So McCain agrees with the Democratic nominee, who has also said that the slain Khan represents “the best of America.”

* GOLD STAR FAMILIES RIP TRUMP: CNN reports that a group of Gold Star families has penned a letter to Trump demanding an apology for his “anti-American” comments:

“Your recent comments regarding the Khan family were repugnant and personally offensive to us,” the group of 11 “Gold Star” families wrote. “We feel we must speak out and demand you apologize to the Khans, to all Gold Star families, and to all Americans for your offensive, and frankly anti-American comments.”…”Ours is a sacrifice you will never know. Ours is a sacrifice we would never want you to know,” the families wrote in the letter.

Trump has made a lot of sacrifices. Really big, impressive, tremendous ones.

* TRUMP SUPPORTERS SMEAR THE KHAN FAMILY: The Post overview of the escalating battle between Trump and the Khans serves up this distasteful nugget:

Late Sunday, Trump supporters, including longtime adviser Roger Stone, circulated unsubstantiated accusations from an anti-Islam website about Khizr Khan. Stone tweeted a link to a post that, among other things, accuses Khan of being a Muslim Brotherhood agent who wants to advance sharia law.

How long until Trump goes there?

 * IT’S GUT-CHECK TIME FOR GOP POLITICIANS: E.J. Dionne frames their dilemma:

Republican politicians face a choice. They can accept Hillary Clinton’s invitation to abandon Donald Trump and prevent a redefinition of their party as a haven for bigotry. Or they can prop Trump up, try to maximize his vote — and thereby tarnish themselves for a generation….Every Republican politician and commentator who continues to say that Trump is a superior or even morally equivalent choice to Hillary Clinton will now own their temporary leader’s brutality for the rest of their political careers.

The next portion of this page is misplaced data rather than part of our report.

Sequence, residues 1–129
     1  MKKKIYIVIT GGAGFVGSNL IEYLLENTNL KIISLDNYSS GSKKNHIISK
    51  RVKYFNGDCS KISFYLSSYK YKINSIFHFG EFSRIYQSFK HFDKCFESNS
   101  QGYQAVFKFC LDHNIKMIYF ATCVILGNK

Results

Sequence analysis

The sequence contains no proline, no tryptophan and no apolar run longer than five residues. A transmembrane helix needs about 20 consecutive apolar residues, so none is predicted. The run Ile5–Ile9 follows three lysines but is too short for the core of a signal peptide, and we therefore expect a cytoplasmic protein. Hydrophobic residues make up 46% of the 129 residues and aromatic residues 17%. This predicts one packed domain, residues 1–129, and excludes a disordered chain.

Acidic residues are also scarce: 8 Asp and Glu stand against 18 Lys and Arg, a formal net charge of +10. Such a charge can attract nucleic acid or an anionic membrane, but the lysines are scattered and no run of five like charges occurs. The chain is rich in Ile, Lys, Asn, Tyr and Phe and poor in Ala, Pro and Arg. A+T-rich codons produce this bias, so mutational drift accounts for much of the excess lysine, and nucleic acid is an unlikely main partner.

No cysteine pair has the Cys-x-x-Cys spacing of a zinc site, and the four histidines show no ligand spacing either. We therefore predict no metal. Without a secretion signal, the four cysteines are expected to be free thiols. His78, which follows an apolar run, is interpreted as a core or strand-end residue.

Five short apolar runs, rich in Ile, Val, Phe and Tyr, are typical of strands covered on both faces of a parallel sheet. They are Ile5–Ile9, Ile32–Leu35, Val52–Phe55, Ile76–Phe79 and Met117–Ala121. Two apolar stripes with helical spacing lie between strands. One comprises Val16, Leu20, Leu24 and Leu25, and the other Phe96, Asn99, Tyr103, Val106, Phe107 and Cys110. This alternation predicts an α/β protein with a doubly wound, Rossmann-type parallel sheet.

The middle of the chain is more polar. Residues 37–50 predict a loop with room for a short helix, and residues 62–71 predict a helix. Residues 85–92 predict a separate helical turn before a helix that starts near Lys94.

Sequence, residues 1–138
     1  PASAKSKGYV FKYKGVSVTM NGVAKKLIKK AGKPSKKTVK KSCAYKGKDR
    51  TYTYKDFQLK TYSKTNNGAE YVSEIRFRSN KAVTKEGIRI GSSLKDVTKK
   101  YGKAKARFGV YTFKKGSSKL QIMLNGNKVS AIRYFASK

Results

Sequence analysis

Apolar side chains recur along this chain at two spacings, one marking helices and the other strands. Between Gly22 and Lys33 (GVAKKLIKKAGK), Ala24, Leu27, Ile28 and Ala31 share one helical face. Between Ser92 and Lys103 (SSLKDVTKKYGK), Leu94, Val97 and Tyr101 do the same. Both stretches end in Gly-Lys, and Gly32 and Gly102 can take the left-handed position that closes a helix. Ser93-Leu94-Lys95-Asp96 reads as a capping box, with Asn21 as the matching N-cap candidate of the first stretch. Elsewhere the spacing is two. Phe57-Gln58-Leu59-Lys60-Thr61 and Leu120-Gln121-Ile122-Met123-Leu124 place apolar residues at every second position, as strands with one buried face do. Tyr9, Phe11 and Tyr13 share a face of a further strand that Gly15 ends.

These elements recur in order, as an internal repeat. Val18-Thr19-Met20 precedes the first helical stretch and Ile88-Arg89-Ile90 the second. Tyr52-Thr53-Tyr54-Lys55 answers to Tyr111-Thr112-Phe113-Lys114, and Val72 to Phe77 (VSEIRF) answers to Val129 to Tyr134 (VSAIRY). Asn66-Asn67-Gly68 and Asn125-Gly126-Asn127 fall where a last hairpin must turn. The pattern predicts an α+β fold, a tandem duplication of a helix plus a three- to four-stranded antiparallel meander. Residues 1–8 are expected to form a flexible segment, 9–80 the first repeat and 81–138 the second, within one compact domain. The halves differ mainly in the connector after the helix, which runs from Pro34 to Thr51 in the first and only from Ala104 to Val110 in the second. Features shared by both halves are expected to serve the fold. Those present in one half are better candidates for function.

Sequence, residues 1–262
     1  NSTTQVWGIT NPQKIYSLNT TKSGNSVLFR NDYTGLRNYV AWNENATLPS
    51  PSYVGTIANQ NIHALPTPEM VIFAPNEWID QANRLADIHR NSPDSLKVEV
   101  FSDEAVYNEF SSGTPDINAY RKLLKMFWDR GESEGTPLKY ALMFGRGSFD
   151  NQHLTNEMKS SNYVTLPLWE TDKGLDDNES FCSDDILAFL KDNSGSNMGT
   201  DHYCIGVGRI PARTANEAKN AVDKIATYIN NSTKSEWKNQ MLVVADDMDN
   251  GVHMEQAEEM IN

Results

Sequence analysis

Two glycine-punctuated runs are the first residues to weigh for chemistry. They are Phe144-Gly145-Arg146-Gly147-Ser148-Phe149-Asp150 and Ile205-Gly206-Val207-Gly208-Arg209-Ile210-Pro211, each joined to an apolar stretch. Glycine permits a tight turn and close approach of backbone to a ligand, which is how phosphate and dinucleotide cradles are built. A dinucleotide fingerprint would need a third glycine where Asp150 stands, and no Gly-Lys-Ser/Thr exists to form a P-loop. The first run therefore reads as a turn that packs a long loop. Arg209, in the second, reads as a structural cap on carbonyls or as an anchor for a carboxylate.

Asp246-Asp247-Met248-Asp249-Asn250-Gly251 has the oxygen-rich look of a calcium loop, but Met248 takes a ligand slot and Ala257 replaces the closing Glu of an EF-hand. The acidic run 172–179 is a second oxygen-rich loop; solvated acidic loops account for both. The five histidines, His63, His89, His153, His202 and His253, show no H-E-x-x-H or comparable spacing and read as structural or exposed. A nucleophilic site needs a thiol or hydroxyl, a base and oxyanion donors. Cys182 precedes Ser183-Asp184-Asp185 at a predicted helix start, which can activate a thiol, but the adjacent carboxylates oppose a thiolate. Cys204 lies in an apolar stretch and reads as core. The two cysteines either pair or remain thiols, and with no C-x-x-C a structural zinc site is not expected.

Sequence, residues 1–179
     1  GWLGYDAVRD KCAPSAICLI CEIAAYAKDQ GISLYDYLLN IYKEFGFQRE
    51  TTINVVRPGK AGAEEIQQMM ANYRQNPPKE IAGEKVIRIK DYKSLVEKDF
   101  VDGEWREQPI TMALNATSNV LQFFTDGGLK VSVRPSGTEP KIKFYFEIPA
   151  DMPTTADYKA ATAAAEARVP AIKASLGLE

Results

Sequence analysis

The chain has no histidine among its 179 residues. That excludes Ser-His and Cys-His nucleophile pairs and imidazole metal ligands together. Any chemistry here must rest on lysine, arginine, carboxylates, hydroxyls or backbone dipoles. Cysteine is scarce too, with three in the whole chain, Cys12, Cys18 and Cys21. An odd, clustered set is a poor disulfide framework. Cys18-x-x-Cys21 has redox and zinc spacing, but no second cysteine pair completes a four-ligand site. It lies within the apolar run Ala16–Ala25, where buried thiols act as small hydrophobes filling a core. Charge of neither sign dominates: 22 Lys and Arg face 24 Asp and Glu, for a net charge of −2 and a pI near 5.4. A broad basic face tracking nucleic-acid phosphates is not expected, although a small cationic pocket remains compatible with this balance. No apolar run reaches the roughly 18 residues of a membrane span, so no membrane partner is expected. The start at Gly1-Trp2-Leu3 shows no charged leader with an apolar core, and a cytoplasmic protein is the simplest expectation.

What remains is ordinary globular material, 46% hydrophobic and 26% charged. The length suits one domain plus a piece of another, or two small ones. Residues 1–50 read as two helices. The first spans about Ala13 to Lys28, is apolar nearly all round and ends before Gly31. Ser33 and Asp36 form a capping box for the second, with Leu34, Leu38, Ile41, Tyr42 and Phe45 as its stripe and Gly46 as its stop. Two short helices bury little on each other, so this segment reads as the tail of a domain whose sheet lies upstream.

And as we noted above, this could only get worse from here — perhaps even a lot worse.

* AND SALES OF POCKET CONSTITUTION SKYROCKET: During his convention speech, Khizr Khan brandished a pocket Constitution and urged Trump to read it. Americans responded thusly:

Now, sales of the little book are skyrocketing. A $1 edition of the pocket Constitution printed by the nonpartisan National Center for Constitutional Studies became the second best-selling book on Amazon. It remains there today. It’s not just sales; Google searches for the document increased more than ten-fold on Friday compared to the daily average of the previous month.

It’s an interesting turn of events that a Muslim-American family responding to the nominee of the party of Very Serious Constitutional Conservatives may have successfully stoked public interest in our founding document.